Nestling beside a beautiful, unassuming little park is The Old Mortuary building, today used as a community centre. Charles Dickens came here and mentioned it in his novel Our Mutual Friend. He was one of many great men and women who braved the dark, dangerous streets of the old port to see firsthand the poverty and desperation of many of the local people. Many were forced into piracy and prostitution to survive. Anything illicit was on sale here. You could buy gunpowder, opium, booze, stolen stuff, and sex. Rotherhithe Village had a ferocious reputation that remained for decades.
Rotherhithe Village is a Phoenix, a creature that has survived the fire to be reborn. From poverty to the Blitz, to the closure of the docks, the place became part of the poorest borough in Britain. It remained so until the ‘70s. And then, through a series of circumstances, it changed. Artists moved into the abandoned warehouses, the empty council flats slowly started to find tenants and then The Docklands Development Corporation stepped in.
With all these bombsites so close to London there was a huge opportunity. Out of the bombsites of the Isle of Dogs, the banking city of Canary Wharf sprung up. Steadily the empty areas have been re-purposed and this part of London is no longer poor. It’s vibrant, and Rotherhithe has become a genuine village community rising out of the flames of the Blitz like a Phoenix. It’s hard to picture that downtrodden district when you look around the smart new world comprising Surrey Quays, Canada Water and Canary Wharf.
You may be surprised to learn that there’s quite a lot of wildlife in Rotherhithe Village. Foxes regularly haunt in the nighttime. However, it’s the grey squirrels who have truly made the place their own. They may be cute, but there’s a dark side to their residency. Originally, they came from North America and steadily drove out the resident red squirrels. The red squirrels are even cuter, which is a shame. Being bigger and able to withstand certain diseases, the grey squirrels are firmly rooted here now.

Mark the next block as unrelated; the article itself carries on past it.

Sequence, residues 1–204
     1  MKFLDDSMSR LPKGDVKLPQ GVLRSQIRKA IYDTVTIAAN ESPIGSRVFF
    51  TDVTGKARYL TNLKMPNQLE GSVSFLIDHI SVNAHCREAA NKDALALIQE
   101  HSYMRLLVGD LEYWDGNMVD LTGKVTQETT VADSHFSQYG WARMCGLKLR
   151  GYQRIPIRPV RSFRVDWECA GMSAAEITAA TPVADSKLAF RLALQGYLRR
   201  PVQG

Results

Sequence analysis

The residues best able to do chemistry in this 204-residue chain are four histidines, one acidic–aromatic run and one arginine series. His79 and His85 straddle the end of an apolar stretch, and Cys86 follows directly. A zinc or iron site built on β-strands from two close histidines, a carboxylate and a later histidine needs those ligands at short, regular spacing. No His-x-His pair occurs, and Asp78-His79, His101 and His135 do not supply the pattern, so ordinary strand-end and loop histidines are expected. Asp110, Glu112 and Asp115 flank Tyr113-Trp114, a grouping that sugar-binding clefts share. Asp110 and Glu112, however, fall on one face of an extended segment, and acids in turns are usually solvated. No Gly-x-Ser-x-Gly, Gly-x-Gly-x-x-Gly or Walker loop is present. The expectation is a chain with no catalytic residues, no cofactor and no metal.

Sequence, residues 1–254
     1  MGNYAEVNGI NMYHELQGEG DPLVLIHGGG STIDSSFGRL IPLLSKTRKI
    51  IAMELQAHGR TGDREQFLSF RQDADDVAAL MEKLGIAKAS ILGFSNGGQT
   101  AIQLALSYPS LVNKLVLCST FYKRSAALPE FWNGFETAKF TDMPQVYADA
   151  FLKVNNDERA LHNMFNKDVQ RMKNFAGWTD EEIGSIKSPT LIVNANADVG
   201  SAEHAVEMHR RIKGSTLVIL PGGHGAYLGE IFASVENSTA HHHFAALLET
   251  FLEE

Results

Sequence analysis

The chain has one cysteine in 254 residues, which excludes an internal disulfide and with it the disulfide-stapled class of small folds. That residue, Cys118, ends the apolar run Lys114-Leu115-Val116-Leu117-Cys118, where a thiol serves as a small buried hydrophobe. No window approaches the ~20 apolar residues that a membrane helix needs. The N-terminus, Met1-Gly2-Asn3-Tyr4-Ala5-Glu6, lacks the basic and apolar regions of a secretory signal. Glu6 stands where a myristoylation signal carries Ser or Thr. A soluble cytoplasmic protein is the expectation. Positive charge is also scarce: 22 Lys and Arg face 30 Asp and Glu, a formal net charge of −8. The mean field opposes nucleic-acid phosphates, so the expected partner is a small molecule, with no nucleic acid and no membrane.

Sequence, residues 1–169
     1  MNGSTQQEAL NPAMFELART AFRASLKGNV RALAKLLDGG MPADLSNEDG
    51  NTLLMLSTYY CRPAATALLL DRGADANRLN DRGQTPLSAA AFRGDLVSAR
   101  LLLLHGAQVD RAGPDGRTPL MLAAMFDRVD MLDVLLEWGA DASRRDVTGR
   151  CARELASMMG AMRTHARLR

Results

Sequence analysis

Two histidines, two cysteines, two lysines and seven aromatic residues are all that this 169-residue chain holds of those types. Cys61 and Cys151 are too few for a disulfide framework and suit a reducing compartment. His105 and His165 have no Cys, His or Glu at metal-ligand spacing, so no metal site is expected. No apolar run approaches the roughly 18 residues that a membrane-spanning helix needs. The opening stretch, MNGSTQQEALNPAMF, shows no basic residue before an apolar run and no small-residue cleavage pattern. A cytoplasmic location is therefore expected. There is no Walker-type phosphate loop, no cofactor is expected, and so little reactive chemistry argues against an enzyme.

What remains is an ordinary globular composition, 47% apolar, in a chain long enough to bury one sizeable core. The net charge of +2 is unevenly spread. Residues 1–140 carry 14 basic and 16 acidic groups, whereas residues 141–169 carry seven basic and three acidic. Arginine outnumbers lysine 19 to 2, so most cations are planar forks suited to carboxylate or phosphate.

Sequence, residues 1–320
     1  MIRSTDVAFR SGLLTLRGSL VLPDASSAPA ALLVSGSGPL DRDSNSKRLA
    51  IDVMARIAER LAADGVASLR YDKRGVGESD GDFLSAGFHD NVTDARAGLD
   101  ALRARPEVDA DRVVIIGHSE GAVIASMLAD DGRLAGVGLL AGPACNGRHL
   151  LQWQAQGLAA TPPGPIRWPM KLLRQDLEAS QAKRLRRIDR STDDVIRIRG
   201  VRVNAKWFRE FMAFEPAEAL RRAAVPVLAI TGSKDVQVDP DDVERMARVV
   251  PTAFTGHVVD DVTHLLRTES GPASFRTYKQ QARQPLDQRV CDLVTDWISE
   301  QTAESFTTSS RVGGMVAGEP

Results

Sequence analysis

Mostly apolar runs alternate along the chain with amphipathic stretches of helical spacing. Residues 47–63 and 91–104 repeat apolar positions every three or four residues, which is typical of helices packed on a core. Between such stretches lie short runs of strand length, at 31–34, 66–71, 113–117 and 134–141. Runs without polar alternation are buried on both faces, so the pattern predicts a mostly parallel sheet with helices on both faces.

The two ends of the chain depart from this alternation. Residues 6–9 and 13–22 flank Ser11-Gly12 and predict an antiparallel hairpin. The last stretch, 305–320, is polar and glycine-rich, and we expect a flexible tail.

Under the eaves of housing estate roofs, you can see many nests. These belong to house martins, small birds related to swallows. Magically, they appear out of the sky each April and enchant the locals with their sensational aerial acrobatics. They breed in Rotherhithe, feeding off insects on the wing. Equally magically, they disappear in September. They migrate. Their return flight takes them over the Sahara Desert ending in the Congo of equatorial Africa. It’s a hazardous flight. Somehow they survive to repeat the epic journey each succeeding year.
Alongside the urban environment, you’ll find some glorious, green spaces. The 25-hectare Southwark park dates back to 1869. It comprises the Ada Salter garden, created by the aforementioned social reformer who championed green spaces for the public. Within this wide open green space, there’s also an art gallery which hosts wonderful, contemporary exhibitions.
Surrey Docks Farm is an actual working city farm in Rotherhithe. It gives people the chance to learn about farming, food production and nature. Kids can get up close to animals in a very different environment to a zoo.
There’s something special about walking along the banks of the River Thames. In total, it’s around 180 miles long from sea to source. From Rotherhithe, you can head east to Greenwich or west towards London Bridge, Borough Market and on to the London Eye.
On the Rotherhithe stretch, The Angel pub on the riverside is worth a mention. It used to be part of Edward III’s palace, the remains of which are still evident alongside it. It’s a good place to stop off for refreshments and watch the watersports (in their infinite variety) on the River Thames.
One of the best ways to take in the special vibe of this village is to stop and people-watch from one of the many cafes. A few of our favourites include the Leaf and Bean Cafe at Rotherhithe station (overground), the Watchhouse Cafe and Canada Water cafe.
Rotherhithe Village is served by overground trains to Rotherhithe Station and underground tubes go to Bermondsey and Canada Water stations on the Jubilee Line.
Want to know more about Rotherhithe? Take our London Walk around the area to discover fascinating stories about its past and present.